Last week, the National Security Strategy was released by the White House. The document provides the administration's perspectives about the world and future of its foreign and security policy. As was pointed out before the release, the document indicates four main points as U.S. strategy goals: 1-) protect the American people, the homeland and the American way of life, 2-) promote American prosperity, 3-) preserve peace through strength, and 4-) advance American influence. In most parts, the document puts the foreign policy rhetoric and campaign promises of President Trump in written form. However, the vague language in some of these areas does not clarify how the U.S. will achieve these objectives. And the big question is how much these goals and priorities will be implemented and adopted by the foreign policy decision-making structures of the U.S. administration. In particular, given the contradiction between the opinions of different members of the administration during various foreign policy crises, it may be a challenge for the administration to provide a smooth adoption of these policies. Furthermore, it is not clear how some of these goals, especially in the diplomatic realm, will be achieved given the reported downsizing of the State Department.
There are several things worth mentioning about the Nation Security Strategy (NSS) in a short column.
First, from the introduction onward, it is very easy to see criticism against previous administrations. President Trump's introduction includes his description of the difficult security environment he inherited as a result of the policies of previous presidents. Time and again in the document there is an emphasis that both President George W. Bush and President Barack Obama's policies did not provide accurate prescriptions to either resolve problems or advance U.S. interests. Thus, there is a constant attempt to distinguish this president's foreign policy from previous eras. Although all NSS documents intend to protect and promote U.S. interests, "America first" was underlined as the highlight of this document.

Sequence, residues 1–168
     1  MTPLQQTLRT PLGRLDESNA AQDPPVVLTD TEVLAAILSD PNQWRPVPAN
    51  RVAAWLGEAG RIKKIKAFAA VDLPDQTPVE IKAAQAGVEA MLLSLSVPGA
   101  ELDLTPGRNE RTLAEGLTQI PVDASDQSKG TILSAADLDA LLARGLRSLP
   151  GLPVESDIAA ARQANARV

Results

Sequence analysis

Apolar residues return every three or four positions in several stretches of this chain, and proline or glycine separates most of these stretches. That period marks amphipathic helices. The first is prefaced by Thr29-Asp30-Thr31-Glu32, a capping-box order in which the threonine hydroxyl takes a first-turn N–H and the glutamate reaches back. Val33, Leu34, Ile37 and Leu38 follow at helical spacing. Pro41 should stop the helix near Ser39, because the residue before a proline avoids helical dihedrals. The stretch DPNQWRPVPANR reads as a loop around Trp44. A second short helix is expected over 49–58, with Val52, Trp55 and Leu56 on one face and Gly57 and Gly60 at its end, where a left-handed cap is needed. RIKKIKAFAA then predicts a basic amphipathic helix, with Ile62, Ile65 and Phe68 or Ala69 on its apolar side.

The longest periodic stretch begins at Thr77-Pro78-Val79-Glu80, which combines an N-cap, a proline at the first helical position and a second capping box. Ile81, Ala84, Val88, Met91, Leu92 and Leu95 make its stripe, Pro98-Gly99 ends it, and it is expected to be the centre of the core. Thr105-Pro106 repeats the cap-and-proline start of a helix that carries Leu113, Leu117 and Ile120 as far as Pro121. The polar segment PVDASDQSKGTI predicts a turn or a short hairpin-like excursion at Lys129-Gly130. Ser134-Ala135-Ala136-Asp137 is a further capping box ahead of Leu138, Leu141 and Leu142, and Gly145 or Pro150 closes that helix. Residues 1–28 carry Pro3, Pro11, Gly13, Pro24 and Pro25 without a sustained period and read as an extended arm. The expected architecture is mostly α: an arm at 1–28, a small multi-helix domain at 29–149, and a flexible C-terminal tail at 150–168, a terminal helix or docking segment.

Second, there are multiple major challenges or threats emphasized in the document. For instance, Russia and China were put in the same category as revisionist powers and challengers of U.S. power and influence. In eight different instances in the document, the two countries were pronounced together. However, in reality they challenge U.S. influence in very different ways. The challenges of the Ukrainian crisis for NATO and the hacking issue for the U.S. election are very different to the problems in the South China Sea for U.S. allies and partners and unfair trade practices to the U.S. economy. It is not clear how correct it is to classify these two countries together in terms of their relations with the U.S. In a similar vein, Iran and North Korea are mentioned as regimes that pose a threat, but it is also clear that the two countries pose very different crisis for their respective regions and for U.S. foreign policy.
Third, there are questions about the consistency of the rhetoric, action and the NSS document. For instance, media reports immediately after the release of the document demonstrate the difference in the discourse on Russia in the document and in the speech of the president presenting it. Although Russia is considered as a serious threat in the document, Trump avoided using the rhetoric and tone of the document during the speech. This is an issue that has constantly been raised by Trump critics for the last year.
Another question is how the U.S. plans to accommodate an "America First" approach in relation to strengthening U.S. alliances. Considering the global geopolitical challenges, the U.S. needs alliances and partners in different parts of the world. What can the "America first" approach provide for U.S. allies? How will allies be persuaded by policies offered by the U.S.? Especially in a period when the U.S. keeps withdrawing from most of its multilateral initiatives, such as the TPP and Paris Climate accords, it may be hard to convince some U.S. allies of the new approach, and of course in a period when most U.S. allies have been alienated for different reasons.
Thus, as former Deputy National Security adviser and ambassador, James Jeffrey emphasized that the document poses numerous questions for the future of U.S. foreign policy. And the real debates about the strategy document will arrive in the next three years when the administration tries to implement them. Then it will be seen how relevant the document will be to understanding U.S. foreign policy.
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